What are the possible views of the object?    Appearance variation only based on capture conditions (e.g., illumination or viewpoint); limited number of common external views; possibility of many internal views    Deformable appearance (e.g., worn or not); limited number of common views: front, back, side
What are the surroundings and are they useful for recognition?    Surrounding context does not vary much other than daily and yearly cycles; may be useful for verifying the object of interest    Surrounding context can change dramatically due to difference in environment, additional pieces of clothing, or accessories partially occluding clothing of interest (e.g., a jacket or a scarf)
What may be tricky cases that do not belong to the instance class?    Replicas of landmarks (e.g., Eiffel Tower in Las Vegas), souvenirs    Same piece of apparel of different material or different color; visually very similar pieces with a small distinguishing detail (e.g., a small brand logo); different pieces of apparel worn by the same model Variation among domains for landmark and apparel examples.

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Learning Multi-domain Representations
After a collection of images covering a variety of domains is created, the next challenge is to train a single, universal model. Some features and tasks, such as representing color, are useful across many domains, and thus adding training data from any domain will likely help the model improve at distinguishing colors. Other features may be more specific to selected domains, thus adding more training data from other domains may deteriorate the model’s performance. For example, while for 2D artwork it may be very useful for the model to learn to find near duplicates, this may deteriorate the performance on clothing, where deformed and occluded instances need to be recognized.

The large variety of possible input objects and tasks that need to be learned require novel approaches for selecting, augmenting, cleaning and weighing the training data. New approaches for model training and tuning, and even novel architectures may be required.

Universal Image Embedding Challenge
To help motivate the research community to address these challenges, we are hosting the Google Universal Image Embedding Challenge. The challenge was launched on Kaggle in July and will be open until October, with cash prizes totaling $50k. The winning teams will be invited to present their methods at the Instance-Level Recognition workshop at ECCV 2022.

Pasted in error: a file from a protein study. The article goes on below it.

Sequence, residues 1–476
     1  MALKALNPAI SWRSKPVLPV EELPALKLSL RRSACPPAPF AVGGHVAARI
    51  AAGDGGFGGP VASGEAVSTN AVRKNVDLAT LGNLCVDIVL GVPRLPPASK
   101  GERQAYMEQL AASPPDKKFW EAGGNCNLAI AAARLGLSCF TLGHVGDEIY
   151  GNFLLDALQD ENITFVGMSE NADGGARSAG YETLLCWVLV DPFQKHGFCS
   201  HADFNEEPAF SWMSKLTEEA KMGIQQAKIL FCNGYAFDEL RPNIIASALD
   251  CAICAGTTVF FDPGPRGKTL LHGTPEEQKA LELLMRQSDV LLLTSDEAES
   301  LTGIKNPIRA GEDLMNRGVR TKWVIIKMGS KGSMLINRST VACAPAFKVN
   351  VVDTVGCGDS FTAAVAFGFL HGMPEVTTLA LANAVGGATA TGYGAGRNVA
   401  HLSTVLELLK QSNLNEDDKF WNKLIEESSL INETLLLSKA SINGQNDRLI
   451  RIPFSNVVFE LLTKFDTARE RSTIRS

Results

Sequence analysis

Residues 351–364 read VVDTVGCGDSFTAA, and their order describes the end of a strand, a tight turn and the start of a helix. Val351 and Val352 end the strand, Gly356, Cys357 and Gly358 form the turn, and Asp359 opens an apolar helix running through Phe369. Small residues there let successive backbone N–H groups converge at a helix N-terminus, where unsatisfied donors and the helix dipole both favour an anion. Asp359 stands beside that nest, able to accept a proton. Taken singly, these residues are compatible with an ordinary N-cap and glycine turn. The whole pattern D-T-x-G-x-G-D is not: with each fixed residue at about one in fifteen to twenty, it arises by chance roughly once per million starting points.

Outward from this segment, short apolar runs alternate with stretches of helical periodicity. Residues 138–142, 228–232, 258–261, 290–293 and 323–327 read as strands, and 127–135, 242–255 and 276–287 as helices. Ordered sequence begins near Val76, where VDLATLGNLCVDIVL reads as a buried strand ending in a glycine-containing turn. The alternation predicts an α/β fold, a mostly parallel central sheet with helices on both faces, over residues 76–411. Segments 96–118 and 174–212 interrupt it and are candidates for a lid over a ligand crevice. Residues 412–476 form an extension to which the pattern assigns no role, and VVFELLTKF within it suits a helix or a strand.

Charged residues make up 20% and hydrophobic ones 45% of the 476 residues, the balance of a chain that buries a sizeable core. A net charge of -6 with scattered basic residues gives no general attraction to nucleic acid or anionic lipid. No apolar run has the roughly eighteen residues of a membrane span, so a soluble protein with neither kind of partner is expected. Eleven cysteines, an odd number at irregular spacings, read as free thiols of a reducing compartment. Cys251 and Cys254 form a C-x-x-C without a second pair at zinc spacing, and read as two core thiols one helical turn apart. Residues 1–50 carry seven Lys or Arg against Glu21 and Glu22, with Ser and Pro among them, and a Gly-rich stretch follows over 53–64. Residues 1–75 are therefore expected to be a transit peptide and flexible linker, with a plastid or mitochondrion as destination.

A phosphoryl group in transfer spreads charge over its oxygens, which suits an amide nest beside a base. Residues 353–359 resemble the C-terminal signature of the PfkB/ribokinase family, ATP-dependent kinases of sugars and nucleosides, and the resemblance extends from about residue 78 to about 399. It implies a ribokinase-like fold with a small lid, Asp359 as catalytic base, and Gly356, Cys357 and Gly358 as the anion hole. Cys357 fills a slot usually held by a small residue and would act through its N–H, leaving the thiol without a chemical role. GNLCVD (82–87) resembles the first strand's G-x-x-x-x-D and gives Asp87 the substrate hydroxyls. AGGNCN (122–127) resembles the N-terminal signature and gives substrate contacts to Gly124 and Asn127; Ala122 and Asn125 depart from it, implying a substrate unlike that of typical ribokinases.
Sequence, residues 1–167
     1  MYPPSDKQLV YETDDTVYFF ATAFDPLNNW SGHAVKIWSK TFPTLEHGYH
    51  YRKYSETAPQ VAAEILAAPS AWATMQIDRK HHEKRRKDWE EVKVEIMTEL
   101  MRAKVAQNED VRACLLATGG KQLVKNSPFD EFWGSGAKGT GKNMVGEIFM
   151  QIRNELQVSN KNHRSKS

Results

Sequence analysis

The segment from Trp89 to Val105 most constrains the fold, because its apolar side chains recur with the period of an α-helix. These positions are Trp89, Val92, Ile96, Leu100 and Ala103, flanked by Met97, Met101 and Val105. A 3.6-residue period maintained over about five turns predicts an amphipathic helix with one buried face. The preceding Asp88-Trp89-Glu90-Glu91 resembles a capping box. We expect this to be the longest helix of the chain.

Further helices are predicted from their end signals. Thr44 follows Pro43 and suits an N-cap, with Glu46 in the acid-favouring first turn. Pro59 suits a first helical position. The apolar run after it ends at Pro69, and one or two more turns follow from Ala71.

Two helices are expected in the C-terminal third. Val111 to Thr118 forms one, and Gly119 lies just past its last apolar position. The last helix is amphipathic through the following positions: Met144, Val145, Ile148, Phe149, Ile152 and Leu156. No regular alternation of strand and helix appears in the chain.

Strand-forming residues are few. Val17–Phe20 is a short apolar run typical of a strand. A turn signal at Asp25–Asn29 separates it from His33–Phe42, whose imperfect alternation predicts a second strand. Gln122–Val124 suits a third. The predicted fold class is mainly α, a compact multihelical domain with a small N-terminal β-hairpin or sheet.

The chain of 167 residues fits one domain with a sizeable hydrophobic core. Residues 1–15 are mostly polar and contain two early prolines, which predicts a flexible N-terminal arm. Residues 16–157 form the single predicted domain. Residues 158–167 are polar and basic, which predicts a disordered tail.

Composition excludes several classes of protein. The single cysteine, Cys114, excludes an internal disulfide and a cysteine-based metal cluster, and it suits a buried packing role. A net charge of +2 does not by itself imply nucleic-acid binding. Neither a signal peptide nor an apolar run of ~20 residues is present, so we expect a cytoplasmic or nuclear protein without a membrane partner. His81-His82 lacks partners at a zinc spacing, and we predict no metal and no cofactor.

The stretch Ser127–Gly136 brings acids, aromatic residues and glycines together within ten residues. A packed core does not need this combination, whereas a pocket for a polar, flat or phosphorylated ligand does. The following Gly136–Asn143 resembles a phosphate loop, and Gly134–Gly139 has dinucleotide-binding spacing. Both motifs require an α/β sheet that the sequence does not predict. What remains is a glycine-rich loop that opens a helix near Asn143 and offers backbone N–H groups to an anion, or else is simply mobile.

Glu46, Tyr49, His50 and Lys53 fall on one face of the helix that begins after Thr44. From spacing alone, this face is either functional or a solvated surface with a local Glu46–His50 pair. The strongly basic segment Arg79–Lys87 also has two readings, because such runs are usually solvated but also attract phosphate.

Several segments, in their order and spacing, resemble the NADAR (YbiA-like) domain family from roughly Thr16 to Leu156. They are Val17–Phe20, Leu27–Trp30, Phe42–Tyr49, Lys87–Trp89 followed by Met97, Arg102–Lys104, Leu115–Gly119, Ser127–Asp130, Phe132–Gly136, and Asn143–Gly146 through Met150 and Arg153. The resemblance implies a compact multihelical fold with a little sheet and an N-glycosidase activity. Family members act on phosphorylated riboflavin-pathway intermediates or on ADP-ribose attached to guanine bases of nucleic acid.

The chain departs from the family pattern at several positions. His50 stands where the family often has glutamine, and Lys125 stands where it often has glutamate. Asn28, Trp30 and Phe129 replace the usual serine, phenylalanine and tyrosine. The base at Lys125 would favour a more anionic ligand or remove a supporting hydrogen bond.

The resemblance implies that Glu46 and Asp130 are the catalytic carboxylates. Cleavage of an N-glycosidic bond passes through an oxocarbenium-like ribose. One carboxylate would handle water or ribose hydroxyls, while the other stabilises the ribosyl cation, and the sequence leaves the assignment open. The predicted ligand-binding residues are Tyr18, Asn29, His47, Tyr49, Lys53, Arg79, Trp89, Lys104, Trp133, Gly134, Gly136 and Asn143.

Participants will be evaluated on a retrieval task on a dataset of ~5,000 test query images and ~200,000 index images, from which similar images are retrieved. In contrast to ImageNet, which includes categorical labels, the images in this dataset are labeled at the instance level.

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The evaluation data for the challenge is composed of images from the following domains: apparel and accessories, packaged goods, furniture and home goods, toys, cars, landmarks, storefronts, dishes, artwork, memes and illustrations.

Distribution of domains of query images.

We invite researchers and machine learning enthusiasts to participate in the Google Universal Image Embedding Challenge and join the Instance-Level Recognition workshop at ECCV 2022. We hope the challenge and the workshop will advance state-of-the-art techniques on multi-domain representations.

The core contributors to this project are Andre Araujo, Boris Bluntschli, Bingyi Cao, Kaifeng Chen, Mário Lipovský, Grzegorz Makosa, Mojtaba Seyedhosseini and Pelin Dogan Schönberger. We would like to thank Sohier Dane, Will Cukierski and Maggie Demkin for their help organizing the Kaggle challenge, as well as our ECCV workshop co-organizers Tobias Weyand, Bohyung Han, Shih-Fu Chang, Ondrej Chum, Torsten Sattler, Giorgos Tolias, Xu Zhang, Noa Garcia, Guangxing Han, Pradeep Natarajan and Sanqiang Zhao. Furthermore we are thankful to Igor Bonaci, Tom Duerig, Vittorio Ferrari, Victor Gomes, Futang Peng and Howard Zhou who gave us feedback, ideas and support at various points of this project.

1 Image credits: Chris Schrier, CC-BY; Petri Krohn, GNU Free Documentation License; Drazen Nesic, CC0; Marco Verch Professional Photographer, CCBY; Grendelkhan, CCBY; Bobby Mikul, CC0; Vincent Van Gogh, CC0;, CC0; Smart Home Perfected, CC-BY.  
2 Image credit: Bobby Mikul, CC0.  
3 Image credit: Chris Schrier, CC-BY.